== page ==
The type of output your video card can do, and the type of inputs your display device can handle are primarily what dictates what you should use to connect them. From highest- to lowest-quality, the order of consideration is: HDMI, DVI (both of which are digital), VGA, Component, S-Video and finally Composite (all of the rest are analog).

HDMI is a digital connection primarily seen on high-end home theater displays. It also incorporates some technology to thwart naughty video-pirates, but this mostly stays out of our way (for now). If your television and your video card both support this, then it's probably what you'll want to use. It's likely that any display which has an HDMI input also supports DVI input, so you don't need to rush out in a mad buying frenzy to get a new video card if your video card already supports DVI output. The main difference between DVI and HDMI (asside from HDCP encryption) is that HDMI includes audio as well as video. The video portion of HDMI is identical to that from DVI.


DVI is another type of digital connection which is more common than HDMI, since it is used by nearly all LCD flat panel computer monitors. While HDMI and DVI connectors carry almost the same signal, they look nothing alike. The DVI connector is fairly large, while the HDMI connector is very small almost looking like a double-wide USB plug. Most LCD/TFT panel displays support DVI input, and most newer video cards will have a DVI output (some will have two).


VGA is the "normal" monitor cable everyone's used to seeing on computers and monitors. A great many of the LCD TVs currently being manufactured in the US are intended to be dual-purposed as computer monitors and will have a VGA input (and possibly DVI as well), and nearly all (some are coming DVI-only now) computer monitors being sold as computer monitors will accept VGA input. Your video card will almost certainly support VGA output, and even if it only has one (or two) DVI output on it, it should have come with a little adapter that will allow you to use it with the more common VGA display.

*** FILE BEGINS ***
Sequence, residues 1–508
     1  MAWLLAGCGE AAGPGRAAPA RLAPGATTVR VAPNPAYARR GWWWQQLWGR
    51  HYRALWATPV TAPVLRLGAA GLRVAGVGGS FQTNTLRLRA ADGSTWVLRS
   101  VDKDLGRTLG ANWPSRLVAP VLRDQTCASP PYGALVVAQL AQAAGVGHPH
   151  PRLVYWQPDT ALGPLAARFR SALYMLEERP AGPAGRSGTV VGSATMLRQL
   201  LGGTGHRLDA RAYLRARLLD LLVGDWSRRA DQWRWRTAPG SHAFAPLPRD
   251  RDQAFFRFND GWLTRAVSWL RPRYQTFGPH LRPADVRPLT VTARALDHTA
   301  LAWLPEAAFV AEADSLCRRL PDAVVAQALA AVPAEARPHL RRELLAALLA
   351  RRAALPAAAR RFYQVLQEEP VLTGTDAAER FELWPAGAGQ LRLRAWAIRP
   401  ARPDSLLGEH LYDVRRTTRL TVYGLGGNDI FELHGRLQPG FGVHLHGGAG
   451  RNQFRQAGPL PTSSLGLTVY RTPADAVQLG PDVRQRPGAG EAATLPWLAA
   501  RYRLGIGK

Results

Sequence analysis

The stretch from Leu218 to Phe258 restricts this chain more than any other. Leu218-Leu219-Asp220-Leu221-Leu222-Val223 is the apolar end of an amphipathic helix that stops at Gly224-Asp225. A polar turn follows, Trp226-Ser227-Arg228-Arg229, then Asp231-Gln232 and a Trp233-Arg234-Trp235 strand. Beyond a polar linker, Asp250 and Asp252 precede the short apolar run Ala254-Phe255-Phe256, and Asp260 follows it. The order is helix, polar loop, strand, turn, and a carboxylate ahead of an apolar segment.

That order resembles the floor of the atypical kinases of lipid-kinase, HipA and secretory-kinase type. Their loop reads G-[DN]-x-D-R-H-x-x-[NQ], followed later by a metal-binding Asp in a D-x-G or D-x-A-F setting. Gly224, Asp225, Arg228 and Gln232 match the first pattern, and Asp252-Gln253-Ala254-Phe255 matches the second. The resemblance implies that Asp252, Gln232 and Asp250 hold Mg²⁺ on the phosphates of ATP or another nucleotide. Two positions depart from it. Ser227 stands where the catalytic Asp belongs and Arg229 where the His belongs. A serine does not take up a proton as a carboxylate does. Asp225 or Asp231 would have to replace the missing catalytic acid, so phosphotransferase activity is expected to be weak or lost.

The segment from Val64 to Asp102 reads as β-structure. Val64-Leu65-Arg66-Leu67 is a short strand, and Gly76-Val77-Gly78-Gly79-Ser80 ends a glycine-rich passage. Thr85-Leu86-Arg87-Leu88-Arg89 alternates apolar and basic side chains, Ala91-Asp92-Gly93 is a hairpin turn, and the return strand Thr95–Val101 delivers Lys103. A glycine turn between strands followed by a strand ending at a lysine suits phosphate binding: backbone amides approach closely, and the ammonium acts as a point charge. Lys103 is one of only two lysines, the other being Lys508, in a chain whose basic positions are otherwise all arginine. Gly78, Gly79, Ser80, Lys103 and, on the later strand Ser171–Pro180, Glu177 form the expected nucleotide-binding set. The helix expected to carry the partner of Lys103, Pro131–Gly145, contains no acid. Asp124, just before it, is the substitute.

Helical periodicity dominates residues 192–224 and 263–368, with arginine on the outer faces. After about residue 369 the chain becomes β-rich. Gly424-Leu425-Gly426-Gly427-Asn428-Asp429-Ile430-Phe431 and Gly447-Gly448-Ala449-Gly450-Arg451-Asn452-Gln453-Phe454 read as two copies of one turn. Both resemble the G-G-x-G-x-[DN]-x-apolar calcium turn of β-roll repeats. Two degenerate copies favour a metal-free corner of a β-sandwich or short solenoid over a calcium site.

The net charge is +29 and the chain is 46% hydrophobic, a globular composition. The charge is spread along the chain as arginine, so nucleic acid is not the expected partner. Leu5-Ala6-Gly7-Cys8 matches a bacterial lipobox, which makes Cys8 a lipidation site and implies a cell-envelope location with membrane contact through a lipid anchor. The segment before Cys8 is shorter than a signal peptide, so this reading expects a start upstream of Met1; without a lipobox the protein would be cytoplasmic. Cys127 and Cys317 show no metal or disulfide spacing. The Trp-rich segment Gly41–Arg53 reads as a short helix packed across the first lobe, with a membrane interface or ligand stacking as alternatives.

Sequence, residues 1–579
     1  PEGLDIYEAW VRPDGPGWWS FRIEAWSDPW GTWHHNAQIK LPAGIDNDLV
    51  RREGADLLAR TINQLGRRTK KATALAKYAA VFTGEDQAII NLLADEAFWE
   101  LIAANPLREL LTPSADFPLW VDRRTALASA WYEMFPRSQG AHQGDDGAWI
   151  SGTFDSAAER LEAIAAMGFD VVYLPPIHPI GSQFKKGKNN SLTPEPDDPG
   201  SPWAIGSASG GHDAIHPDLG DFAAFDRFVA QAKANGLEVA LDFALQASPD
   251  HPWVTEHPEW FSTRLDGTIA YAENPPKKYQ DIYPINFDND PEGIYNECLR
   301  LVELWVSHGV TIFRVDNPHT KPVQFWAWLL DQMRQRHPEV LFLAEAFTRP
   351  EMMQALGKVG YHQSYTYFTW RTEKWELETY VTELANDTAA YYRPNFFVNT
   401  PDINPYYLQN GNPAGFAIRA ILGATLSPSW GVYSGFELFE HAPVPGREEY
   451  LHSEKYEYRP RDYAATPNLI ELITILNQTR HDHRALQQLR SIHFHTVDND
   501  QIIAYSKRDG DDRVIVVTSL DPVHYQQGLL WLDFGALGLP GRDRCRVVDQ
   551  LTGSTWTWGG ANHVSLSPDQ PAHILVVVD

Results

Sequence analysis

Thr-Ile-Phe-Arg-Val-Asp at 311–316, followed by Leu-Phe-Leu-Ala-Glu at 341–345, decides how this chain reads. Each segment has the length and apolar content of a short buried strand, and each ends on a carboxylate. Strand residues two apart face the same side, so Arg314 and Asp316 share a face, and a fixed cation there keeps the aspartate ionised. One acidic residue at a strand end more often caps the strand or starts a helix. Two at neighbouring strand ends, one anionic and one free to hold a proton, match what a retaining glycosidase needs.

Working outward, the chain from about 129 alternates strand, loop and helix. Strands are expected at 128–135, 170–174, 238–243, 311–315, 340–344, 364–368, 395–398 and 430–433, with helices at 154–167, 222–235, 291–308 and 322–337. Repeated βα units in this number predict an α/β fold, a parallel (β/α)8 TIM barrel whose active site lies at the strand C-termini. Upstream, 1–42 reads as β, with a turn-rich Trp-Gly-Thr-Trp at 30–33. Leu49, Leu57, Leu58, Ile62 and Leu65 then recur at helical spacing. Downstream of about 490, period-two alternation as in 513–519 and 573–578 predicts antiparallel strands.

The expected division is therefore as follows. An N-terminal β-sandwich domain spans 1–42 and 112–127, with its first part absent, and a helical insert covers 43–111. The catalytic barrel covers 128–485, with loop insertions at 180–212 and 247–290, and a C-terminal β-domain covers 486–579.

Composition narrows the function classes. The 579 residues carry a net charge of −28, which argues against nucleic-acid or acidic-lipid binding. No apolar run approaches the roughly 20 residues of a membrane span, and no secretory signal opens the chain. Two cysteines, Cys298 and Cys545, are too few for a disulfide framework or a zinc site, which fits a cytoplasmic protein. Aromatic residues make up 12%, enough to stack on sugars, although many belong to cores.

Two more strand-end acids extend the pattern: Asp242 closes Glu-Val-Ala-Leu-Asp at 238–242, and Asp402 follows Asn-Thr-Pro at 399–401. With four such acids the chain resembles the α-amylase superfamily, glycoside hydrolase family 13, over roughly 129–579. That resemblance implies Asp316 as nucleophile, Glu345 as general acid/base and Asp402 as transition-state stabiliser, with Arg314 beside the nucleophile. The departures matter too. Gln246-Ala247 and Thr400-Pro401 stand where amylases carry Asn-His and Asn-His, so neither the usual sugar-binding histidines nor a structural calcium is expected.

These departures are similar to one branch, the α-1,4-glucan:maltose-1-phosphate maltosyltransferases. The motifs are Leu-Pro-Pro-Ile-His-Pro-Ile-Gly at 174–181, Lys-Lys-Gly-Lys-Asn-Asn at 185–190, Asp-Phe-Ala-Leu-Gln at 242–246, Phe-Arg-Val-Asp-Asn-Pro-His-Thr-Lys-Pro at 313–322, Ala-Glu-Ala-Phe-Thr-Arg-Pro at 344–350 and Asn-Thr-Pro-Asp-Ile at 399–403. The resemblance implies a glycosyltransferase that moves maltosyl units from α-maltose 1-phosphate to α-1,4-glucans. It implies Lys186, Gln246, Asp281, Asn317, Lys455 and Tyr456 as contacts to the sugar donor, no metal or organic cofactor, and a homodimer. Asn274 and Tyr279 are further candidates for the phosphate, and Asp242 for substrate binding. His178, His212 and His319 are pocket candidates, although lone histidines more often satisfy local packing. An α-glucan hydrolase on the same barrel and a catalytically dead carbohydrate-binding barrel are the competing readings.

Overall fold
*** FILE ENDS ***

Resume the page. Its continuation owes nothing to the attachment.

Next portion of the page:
Component video uses 3 RCA type cables to carry the video signal instead of one. The method is a bit similar to that used by S-Video, but because it has more cables it can carry a better signal. Most HD TV sets will have more than 1 of these types of inputs, and often it is the "best" you can possibly use for DVD players, video game consoles and sometimes even HD satellite or cable boxes. If your TV has none of the above inputs, this is the best way to go if you have an HD TV and you can do this. There are VGA -> Component adapters and some video cards even come with a method of outputting component.

S-Video is a multiple pin, round connector type that carries the chroma and luma (color and brightness) parts of the video signal over separate wires, which usually means a very good signal. It looks a little bit like a PS/2 mouse connector, but with more pins. Many, many televisions support S-video input. The cables are reasonably inexpensive, and can be up to fifteen feet long without experiencing notable signal loss. Word of warning: Some video cards have what looks very much like an S-Video output, but has a few more pins involved and is not an S-Video output. These cards will have come with a "breakout box" which will have a number of other connectors on it which often include an actual S-video output, as well as component outputs, and sometimes a composite output as well. Don't get confused and try to force an S-Video cable directly into these, because bent pins really suck.


Composite video is probably the least desirable connector type of the lot. It's the type of output most video games use, and practically every display supports at least this if you aren't going to have to use an RF modulator with it. It will be a single RCA connector which should be yellow. The other two RCA connections commonly found with it will be white and red, which are the left and right audio channels respectively. (Remember, right and red start with the same letter.) Some of the older nVidia cards have only a composite video connector for TV output. To use the TV output on these cards you will need the nvtv driver as well as nVidia's binary driver. For no other nVidia cards do you need nvtv so don't put yourself through that hassle by mistaking it for something you need if your nVidia card has an S-video output.

Audio Output

...or "How I learned to like stereo all over again".

(For now, I'm leaving this section empty because ALSA hates me and clearly wants me dead. I'll populate it once I figure out a simple way to fix audio routing so my rear speakers work all the time, unless someone else wants to go ahead and do it. --+ Dagmar)

ALSA is somewhat more difficult to configure compared to OSS (Open Sound System, from now on Obsolete Sound System). Found the culprit on the following wiki page: Configuring_Digital_Sound, and now everything works smooth. --Michel 17:09, 21 February 2007 (UTC)